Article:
Tuesday, June 04, 2024

Game On: Jury Seated in Hunter Biden Gun Case, Opening Statements Set for Tuesday

By Bob Hoge |  RedState.com

AP Photo/Matt Slocum

It took roughly seven hours, but by 4:20 p.m. Monday, 12 jurors and four alternates were chosen to decide Hunter Biden’s guilt or innocence in his trial, where he stands accused of lying on a federal gun form. Six of the jurors are men, while six are women, and all of the alternates are female. 

The First Son faces some serious charges:

COUNT 1: False Statement in Purchase of a Firearm

Faces a maximum of 10 years’ imprisonment, a fine of $250,000, three years of supervised release, a special assessment of $100.

COUNT 2: False Statement Related to Information Required to be Kept by Federal Firearms Licensed Dealer

Faces a maximum of five years’ imprisonment, a fine of $250,000, three years of supervised release, a special assessment of $100.

COURT 3: Possession of a Firearm by a Person who is an Unlawful User of or Addicted to a Controlled Substance

Faces a maximum of 10 years’ imprisonment, a fine of $250,000, three years of supervised release, a special assessment of $100.

The charges carry a maximum sentence of 25 years in prison; Hunter has pleaded not guilty to all three.

Our sister site Townhall’s Mia Cathell was at the courthouse and gave a play-by-play of some of the goings-on in her live coverage from the scene.

Cathell wrote about a possible foreshadowing of Team Hunter’s defense:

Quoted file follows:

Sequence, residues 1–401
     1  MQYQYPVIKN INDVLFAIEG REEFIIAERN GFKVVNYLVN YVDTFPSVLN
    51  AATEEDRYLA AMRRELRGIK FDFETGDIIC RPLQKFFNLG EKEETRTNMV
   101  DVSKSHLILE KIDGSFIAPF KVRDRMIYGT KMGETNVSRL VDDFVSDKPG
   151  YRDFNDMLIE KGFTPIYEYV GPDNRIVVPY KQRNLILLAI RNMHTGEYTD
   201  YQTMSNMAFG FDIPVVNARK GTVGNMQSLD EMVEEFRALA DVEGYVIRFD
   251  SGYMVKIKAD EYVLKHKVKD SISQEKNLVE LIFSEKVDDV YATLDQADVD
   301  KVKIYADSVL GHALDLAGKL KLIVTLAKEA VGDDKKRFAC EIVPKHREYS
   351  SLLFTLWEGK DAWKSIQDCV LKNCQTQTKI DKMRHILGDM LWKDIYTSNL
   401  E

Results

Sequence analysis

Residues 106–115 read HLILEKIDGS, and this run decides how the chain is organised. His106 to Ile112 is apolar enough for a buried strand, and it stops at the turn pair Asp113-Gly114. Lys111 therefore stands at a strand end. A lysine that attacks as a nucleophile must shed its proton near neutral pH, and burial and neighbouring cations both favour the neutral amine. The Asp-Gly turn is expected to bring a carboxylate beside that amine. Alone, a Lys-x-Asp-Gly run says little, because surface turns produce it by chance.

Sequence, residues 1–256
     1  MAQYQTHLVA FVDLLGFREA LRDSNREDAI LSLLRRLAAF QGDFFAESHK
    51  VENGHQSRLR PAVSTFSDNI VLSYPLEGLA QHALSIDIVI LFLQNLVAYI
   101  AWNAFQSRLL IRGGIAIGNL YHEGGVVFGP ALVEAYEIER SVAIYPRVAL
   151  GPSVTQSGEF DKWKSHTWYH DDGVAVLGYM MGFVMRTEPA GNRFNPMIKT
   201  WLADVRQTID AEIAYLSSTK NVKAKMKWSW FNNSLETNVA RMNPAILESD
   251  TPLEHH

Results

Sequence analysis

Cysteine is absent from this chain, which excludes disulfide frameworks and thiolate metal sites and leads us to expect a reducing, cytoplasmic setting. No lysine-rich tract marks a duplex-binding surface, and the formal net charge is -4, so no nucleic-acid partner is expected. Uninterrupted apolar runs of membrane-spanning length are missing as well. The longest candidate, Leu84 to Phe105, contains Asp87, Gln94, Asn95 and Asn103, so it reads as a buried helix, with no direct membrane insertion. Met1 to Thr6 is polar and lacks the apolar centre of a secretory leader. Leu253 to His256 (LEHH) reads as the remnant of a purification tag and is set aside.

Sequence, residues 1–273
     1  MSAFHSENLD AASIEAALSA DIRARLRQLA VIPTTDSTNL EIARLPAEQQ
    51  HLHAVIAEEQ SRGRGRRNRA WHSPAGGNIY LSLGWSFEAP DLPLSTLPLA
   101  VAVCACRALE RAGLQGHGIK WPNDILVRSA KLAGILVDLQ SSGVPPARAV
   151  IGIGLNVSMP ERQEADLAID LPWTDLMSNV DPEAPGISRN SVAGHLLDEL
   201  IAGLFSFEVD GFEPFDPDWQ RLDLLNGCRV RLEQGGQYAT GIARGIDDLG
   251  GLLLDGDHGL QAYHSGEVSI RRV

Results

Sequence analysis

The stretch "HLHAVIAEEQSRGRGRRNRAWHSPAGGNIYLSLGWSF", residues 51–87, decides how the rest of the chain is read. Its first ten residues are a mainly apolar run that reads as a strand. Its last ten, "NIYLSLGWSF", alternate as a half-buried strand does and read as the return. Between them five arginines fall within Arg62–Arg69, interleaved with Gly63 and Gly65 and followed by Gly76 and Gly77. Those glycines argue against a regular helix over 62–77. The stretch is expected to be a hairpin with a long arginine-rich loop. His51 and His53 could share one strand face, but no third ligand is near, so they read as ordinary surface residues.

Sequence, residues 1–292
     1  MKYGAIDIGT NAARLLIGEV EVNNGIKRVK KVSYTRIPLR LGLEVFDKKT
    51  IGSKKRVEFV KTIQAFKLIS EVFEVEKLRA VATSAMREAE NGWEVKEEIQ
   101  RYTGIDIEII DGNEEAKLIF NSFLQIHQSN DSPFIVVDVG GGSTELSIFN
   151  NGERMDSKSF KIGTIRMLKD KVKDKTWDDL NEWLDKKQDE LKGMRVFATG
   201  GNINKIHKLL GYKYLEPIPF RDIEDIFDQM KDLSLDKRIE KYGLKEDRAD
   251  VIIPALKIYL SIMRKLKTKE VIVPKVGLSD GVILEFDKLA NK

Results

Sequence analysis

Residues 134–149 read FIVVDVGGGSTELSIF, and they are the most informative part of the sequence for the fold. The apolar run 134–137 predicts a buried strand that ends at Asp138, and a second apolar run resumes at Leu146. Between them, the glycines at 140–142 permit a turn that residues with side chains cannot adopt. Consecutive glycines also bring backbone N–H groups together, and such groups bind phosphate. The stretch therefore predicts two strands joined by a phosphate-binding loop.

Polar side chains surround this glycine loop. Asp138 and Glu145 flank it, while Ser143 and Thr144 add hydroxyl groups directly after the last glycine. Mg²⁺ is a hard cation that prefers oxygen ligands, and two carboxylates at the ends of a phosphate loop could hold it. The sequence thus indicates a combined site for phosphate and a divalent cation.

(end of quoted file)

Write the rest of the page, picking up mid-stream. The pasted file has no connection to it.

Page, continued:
The defense asked that the word "knowingly" be added to [juror] Questions 2i. and 2ii., which specify Hunter Biden's charges of making a false statement in the sale of a firearm and making a false statement on a firearms transaction record. Hunter Biden's defense attorneys are heavily relying on the argument that he didn't "knowingly" lie when he answered "No" to the question of whether he was an addict or user of a controlled substance, i.e. crack cocaine. The defense insists Hunter Biden didn't understand exactly what those terms meant at the time he filled out the form and truly believed he wasn't either one in the "present tense."

"The terms 'user' or 'addict' are not defined on the form and were not explained to him," the defense disputed.

 Potential jurors were questioned by the judge, defense lawyers, and prosecutors, and a number of them were dismissed for their political views or for admitting that they didn’t think they could be impartial:

In some cases, potential jurors brought up Donald Trump’s criminal cases when asked about their politics — with two prospective jurors saying they thought the 45th president was prosecuted for electoral reasons.

Another woman, juror 40, said people shouldn’t be allowed to buy guns and “kill children in schools,” NBC News reported.

“I’d ban [guns] altogether to be honest,” she added, before the judge dismissed her.

 These aren’t Hunter’s only legal woes—he also must face trial for federal tax charges in California, where special counsel David Weiss accuses him of failing to pay $1.4 million in taxes between 2016 and 2019.

Some pundits like Fox News’ Jeanine Pirro wonder whether we’ll see any actual justice in this case, considering that the politically motivated conviction of Donald Trump last Thursday over business fraud charges was a complete clown show.

If the jury convicts, he won’t accept the outcome? So are the Democrats now fully supporting the second amendment?

The Trump case and the Hunter trial mark two historical moments: one, the first conviction of a former U.S. president, and two, the first criminal trial against a sitting U.S. president’s child. 

This could be a very interesting trial indeed.